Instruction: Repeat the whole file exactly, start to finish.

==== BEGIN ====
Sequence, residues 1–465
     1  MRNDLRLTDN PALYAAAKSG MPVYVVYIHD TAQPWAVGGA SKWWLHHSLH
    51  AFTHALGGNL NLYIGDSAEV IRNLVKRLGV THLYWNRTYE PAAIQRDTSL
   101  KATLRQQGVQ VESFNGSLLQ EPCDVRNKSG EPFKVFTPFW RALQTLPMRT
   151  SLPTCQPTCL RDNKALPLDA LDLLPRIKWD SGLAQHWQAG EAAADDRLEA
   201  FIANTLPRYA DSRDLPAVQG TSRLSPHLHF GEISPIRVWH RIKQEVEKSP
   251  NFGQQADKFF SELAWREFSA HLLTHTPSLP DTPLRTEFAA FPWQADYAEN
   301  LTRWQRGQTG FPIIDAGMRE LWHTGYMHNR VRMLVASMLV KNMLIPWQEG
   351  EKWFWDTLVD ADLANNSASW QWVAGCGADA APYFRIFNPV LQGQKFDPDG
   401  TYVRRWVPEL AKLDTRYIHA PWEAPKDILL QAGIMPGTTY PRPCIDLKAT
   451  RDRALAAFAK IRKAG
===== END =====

Sequence, residues 1–465
     1  MRNDLRLTDN PALYAAAKSG MPVYVVYIHD TAQPWAVGGA SKWWLHHSLH
    51  AFTHALGGNL NLYIGDSAEV IRNLVKRLGV THLYWNRTYE PAAIQRDTSL
   101  KATLRQQGVQ VESFNGSLLQ EPCDVRNKSG EPFKVFTPFW RALQTLPMRT
   151  SLPTCQPTCL RDNKALPLDA LDLLPRIKWD SGLAQHWQAG EAAADDRLEA
   201  FIANTLPRYA DSRDLPAVQG TSRLSPHLHF GEISPIRVWH RIKQEVEKSP
   251  NFGQQADKFF SELAWREFSA HLLTHTPSLP DTPLRTEFAA FPWQADYAEN
   301  LTRWQRGQTG FPIIDAGMRE LWHTGYMHNR VRMLVASMLV KNMLIPWQEG
   351  EKWFWDTLVD ADLANNSASW QWVAGCGADA APYFRIFNPV LQGQKFDPDG
   401  TYVRRWVPEL AKLDTRYIHA PWEAPKDILL QAGIMPGTTY PRPCIDLKAT
   451  RDRALAAFAK IRKAG